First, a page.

“I am not looking for peace but the face of Him who gives the
peace I ask for in prayer. We think it is we who are searching
after God, whereas it is really we who are being sought.” (Father Bernard
Each year around this time I have written about preparing for Lent. What shall I give up? What shall I take on? Taking on a daily Ignatian examen was one of the most practical ‘tools’ to melding my “church self” with my “worldly self”. This spawned conversations with God that brought wholeness and integrity to my life. Healing the wounds underlying sin then made it possible to avoid habitual sins altogether because it is the strength of God fueling my efforts.
Yet God wants to show us a more excellent way to live beyond overcoming sin. He wants us to take on love. To do so, we must first know what love is, what it looks like in action, how it is lived. We look to Jesus.
Therefore you rebuke offenders little by little, warn them, and remind them of the sins they are committing, that they may abandon their wickedness and believe in you, Lord!
Jesus wants us to grow. He has the power to abolish all sin with just a mere thought. But if He did so, we would not mature in our love for Him. He has the power to wipe out all sinners with just one decisive Word, but it is His loving will that all come to find their salvation in Him for eternity. He desires our repentance and love for He is the God of love, not death. Therefore, He withdraws His grace by degrees, little by little, no longer restraining the forces of nature nor the consequences of choices. Each is a moment for conversion; an opportunity to honestly face our attachments and sin head-on and choose to be changed.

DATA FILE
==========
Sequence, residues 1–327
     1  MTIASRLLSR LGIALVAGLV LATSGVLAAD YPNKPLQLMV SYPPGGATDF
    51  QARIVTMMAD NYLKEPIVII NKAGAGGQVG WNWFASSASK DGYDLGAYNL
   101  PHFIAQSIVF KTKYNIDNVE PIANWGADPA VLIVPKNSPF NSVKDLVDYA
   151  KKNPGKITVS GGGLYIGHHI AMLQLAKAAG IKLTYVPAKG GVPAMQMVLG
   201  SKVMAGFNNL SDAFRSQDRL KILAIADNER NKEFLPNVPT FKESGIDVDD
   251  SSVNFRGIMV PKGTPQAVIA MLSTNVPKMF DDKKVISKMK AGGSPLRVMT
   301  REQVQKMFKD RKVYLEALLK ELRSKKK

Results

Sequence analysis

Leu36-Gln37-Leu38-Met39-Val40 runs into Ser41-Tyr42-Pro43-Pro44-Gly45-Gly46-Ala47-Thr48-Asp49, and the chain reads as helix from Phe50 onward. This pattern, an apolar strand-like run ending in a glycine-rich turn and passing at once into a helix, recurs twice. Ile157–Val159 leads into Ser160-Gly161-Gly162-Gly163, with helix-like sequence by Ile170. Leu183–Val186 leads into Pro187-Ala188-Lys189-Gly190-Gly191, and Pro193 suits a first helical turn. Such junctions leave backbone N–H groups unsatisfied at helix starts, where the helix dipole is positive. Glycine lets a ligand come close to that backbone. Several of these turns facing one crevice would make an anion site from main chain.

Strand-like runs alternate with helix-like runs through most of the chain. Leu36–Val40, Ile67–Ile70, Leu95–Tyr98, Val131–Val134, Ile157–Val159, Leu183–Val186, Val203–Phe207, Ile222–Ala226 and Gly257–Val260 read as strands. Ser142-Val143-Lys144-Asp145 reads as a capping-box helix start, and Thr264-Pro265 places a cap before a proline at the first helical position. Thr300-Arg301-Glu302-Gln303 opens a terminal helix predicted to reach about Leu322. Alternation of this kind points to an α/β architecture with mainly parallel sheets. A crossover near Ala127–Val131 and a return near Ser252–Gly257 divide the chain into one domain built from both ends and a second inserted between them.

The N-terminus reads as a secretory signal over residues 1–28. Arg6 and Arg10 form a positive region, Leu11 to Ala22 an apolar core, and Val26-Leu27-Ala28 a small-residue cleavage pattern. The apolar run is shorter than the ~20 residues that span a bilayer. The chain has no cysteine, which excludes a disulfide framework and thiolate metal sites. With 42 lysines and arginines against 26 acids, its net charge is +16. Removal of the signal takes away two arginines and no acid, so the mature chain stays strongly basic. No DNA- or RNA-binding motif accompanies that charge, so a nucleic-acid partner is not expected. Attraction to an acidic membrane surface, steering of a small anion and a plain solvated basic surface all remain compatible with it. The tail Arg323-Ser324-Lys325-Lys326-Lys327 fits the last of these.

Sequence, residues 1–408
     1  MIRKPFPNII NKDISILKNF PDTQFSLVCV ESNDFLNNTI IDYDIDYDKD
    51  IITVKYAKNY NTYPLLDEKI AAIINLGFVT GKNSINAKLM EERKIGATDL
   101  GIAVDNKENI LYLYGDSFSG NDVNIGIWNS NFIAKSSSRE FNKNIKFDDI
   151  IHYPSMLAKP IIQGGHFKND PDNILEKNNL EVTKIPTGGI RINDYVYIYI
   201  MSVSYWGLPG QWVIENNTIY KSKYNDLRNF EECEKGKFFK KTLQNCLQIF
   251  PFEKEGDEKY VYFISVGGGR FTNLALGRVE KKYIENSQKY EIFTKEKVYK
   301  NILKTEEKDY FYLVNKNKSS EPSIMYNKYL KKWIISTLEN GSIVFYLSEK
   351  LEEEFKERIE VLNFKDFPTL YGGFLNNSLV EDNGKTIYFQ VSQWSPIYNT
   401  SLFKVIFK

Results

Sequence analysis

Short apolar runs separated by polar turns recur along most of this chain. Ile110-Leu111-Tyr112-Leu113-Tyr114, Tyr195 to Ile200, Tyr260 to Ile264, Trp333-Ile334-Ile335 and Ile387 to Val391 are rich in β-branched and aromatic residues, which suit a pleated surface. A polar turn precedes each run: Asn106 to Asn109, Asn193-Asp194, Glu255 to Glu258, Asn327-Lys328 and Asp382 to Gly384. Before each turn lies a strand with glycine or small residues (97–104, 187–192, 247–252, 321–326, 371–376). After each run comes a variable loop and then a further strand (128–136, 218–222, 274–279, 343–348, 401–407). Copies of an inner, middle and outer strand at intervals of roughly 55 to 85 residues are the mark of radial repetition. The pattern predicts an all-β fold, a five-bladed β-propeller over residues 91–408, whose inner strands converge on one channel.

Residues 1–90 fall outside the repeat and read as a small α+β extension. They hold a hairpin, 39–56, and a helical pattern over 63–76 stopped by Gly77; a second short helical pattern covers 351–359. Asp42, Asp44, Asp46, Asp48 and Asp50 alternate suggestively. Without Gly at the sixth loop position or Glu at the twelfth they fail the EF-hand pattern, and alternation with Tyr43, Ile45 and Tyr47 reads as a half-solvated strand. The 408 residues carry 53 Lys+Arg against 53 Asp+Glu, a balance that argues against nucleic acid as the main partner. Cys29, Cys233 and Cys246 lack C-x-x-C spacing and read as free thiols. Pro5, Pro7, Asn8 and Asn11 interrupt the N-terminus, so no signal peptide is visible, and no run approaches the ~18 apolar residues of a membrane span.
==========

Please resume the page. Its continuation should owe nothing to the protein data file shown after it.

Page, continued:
One is punished by the very things through which one sins.
Continually grasping to worldly things to console emotions and appease passions is self-punishing: we punish ourselves by stepping away from His grace. The remedy to our brokenness is to keep His love and fidelity in our heart and mind at all times, letting this form our thoughts and actions. Obedience to His love is the foundation of humility, and humility opens the door of the soul to grace.
It seems, then, that what God wants most of us this Lent is to return to grace.
“Our nothingness, if it is accepted, becomes the free space where God is still able to create.”
–Saint Francis of Assisi
Surrendered in abandonment, with total acknowledgement of our helplessness to God’s loving will, He will create a new heart within us that overflows with love just as His own.
Ad Majorem Dei Gloriam.
This post was originally published on the Face of Grace Project and is reprinted here with permission.
Image courtesy of Unsplash.